|September 27, 2014|
A one day workshop on ‘Protestantism and the Superpowers’, will be held on Saturday 27 September 2014 at The University of Leicester. The workshop will address the following questions: How was religion and spirituality connected with ideological conflict on both sides of the Cold War divide? In what ways did the escalating climate of fear and patriotism shape individual, national, and confessional identities? How did the atomic bomb – with its unprecedented potential for destruction – transform visions of the future, particularly amongst Protestant groups which used the Bible as a guide to predicting what lay ahead for humanity? To what extent was the Cold War a ‘holy war’?
For some time, historians of the USA have recognized that the Cold War was instrumental in orchestrating a religious revival from the late forties on. This work explored how anti-communism was redefined as a Christian duty, how patriotic and religious practices blended in the 1950s, and how prominent evangelical preachers turned into ambassadors of the Free World. It showed how Protestant theology recovered and popularized the concept of original sin under the conditions of the Cold War and how evangelical apocalyptic thinking blossomed in the shadow of the bomb. In contrast, studies of the Soviet Union have tended to focus on church-state relations, and on the effect of Soviet anti-religious policy on religious life, with, until very recently, little attention paid to the Cold War context.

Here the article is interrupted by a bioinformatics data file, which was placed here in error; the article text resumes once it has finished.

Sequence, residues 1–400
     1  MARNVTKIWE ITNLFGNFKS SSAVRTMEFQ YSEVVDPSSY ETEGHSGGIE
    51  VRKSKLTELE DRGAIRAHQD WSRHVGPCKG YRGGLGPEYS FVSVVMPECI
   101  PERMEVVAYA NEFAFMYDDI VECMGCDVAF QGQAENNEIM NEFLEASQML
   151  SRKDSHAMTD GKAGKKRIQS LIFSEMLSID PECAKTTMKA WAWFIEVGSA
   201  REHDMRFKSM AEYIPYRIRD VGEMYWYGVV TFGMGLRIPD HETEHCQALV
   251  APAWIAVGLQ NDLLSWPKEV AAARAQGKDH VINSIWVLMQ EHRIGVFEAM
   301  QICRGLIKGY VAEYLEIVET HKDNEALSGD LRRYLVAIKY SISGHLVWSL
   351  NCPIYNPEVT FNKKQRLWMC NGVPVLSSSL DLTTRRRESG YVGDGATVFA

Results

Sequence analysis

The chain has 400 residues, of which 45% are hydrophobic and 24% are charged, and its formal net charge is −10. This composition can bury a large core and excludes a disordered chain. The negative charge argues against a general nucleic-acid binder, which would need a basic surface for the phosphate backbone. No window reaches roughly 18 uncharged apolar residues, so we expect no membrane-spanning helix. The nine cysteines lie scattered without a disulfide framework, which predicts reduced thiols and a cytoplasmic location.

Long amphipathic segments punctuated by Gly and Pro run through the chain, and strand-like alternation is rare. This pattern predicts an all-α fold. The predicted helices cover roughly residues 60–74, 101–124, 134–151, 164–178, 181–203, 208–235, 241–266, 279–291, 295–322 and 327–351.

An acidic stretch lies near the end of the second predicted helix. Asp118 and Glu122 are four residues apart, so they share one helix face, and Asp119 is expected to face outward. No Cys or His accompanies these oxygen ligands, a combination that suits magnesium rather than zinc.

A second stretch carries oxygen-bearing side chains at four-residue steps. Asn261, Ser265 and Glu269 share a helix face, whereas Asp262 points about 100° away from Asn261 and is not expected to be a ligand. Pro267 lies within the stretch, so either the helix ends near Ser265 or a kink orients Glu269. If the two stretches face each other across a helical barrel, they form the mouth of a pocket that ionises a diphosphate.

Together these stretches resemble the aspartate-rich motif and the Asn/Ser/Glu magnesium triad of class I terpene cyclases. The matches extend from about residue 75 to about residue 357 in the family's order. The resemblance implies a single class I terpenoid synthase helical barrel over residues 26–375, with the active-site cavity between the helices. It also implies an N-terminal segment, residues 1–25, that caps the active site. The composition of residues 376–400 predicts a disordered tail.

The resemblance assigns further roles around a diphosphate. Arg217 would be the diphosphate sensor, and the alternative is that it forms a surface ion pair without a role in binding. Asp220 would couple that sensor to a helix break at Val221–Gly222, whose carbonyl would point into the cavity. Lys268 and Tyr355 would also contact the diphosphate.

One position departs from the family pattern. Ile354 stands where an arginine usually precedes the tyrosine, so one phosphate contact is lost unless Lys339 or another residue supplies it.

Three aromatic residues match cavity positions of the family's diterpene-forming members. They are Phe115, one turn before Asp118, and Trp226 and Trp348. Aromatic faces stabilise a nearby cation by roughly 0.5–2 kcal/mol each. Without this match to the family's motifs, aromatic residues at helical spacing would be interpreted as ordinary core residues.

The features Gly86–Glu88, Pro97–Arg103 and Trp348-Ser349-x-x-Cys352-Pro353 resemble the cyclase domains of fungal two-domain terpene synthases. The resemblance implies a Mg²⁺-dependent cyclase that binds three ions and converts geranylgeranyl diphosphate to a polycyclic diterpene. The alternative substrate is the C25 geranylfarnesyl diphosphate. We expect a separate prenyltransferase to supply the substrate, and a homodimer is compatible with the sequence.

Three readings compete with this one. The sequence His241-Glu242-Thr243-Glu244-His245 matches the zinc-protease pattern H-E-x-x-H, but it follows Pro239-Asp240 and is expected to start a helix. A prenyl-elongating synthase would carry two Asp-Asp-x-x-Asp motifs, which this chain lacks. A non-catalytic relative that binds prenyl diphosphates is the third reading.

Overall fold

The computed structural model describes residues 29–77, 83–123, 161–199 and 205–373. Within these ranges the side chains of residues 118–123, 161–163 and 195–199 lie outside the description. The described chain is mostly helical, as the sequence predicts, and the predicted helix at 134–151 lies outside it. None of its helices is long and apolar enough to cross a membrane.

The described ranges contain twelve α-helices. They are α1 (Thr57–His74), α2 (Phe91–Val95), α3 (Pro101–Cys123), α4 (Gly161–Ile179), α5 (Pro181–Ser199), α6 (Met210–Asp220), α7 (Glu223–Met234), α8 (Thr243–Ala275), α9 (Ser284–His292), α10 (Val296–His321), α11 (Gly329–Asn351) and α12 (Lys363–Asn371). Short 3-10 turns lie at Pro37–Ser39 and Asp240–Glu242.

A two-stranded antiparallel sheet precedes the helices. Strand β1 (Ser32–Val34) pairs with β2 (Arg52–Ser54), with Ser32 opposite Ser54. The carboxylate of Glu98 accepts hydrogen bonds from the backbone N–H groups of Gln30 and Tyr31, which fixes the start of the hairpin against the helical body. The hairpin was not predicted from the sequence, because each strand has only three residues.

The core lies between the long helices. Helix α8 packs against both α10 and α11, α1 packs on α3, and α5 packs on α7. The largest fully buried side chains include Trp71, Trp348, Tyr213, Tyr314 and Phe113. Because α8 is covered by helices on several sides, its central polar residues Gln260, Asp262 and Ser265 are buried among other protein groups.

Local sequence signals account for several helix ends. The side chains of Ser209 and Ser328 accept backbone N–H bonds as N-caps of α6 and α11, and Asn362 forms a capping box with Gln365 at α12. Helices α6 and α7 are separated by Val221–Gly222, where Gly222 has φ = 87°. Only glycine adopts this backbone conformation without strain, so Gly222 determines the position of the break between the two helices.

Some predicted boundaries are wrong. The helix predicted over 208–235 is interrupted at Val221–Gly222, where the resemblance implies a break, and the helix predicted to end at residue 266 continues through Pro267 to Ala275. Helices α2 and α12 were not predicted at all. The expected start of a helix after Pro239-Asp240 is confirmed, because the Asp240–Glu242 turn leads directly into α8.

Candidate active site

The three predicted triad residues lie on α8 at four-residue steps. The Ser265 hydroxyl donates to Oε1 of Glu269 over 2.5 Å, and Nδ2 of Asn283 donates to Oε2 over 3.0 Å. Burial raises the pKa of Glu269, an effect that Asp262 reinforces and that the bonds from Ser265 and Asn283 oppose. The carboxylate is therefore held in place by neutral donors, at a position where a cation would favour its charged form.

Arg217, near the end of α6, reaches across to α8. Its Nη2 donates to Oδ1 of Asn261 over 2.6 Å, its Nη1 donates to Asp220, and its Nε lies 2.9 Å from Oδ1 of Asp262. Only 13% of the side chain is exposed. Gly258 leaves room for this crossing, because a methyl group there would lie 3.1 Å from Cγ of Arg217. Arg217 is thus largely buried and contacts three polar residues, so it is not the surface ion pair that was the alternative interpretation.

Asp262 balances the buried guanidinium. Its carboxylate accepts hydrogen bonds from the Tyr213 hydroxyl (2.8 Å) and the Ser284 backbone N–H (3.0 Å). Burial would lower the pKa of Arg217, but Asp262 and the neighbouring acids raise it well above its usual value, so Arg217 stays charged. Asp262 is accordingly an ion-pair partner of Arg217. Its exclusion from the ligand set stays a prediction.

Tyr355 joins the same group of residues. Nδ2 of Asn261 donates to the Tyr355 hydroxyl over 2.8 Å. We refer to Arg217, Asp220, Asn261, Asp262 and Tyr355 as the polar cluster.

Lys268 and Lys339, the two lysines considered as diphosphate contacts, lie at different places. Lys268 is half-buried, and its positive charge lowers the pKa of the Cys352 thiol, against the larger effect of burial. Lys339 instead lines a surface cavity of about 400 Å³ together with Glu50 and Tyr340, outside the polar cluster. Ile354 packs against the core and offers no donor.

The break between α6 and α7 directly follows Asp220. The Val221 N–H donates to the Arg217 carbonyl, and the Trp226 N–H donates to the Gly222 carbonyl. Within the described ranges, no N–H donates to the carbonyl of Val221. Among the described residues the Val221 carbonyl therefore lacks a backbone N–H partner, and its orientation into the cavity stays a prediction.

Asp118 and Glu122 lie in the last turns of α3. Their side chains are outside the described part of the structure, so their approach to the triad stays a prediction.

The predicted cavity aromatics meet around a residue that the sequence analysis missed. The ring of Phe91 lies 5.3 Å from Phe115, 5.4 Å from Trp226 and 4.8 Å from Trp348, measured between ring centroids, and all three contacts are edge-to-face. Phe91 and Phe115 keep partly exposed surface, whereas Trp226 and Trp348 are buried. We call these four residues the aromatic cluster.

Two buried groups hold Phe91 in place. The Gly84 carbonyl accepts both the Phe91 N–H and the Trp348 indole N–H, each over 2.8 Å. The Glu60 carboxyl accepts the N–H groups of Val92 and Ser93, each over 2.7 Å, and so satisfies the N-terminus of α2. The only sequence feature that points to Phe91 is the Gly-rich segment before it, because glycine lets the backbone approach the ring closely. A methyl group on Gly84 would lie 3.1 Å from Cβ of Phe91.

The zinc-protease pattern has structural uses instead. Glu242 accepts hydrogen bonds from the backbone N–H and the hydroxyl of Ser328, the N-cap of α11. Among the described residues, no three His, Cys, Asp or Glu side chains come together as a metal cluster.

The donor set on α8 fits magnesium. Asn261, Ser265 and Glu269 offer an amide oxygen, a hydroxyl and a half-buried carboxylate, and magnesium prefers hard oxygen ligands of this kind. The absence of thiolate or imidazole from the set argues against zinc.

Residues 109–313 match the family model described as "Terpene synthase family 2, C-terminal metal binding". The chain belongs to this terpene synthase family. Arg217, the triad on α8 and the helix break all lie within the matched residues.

This workshop aims to draw together historians working on religious identity, ideology and politics in the superpower states. The organizers aim to take a comparative approach to thinking about how the Cold War shaped religious life in these two very different nations, as well as exploring transnational contacts and exchanges between religious groups and individuals. Issues to be explored include:
• the spiritual dimensions of space exploration
• evangelical preachers on the world circuit
• prayer groups and the practice of prayer
• missionary movements and Bible smugglers
• evangelical children’s literature
• Cold War concerns in Protestant theology
• patriotism and spiritual practices
• Protestantism and the culture of fear
The workshop is jointly organised by Dr Uta Balbier (King’s College, London), Dr Miriam Dobson (University of Sheffield), and Dr Zoe Knox (University of Leicester) and is partly funded by the British Association for Slavonic and East European Studies (BASEES) and the Institute of North American Studies, King’s College, London. Zoe Knox (zk15ATle.ac.uk) may be contacted for more information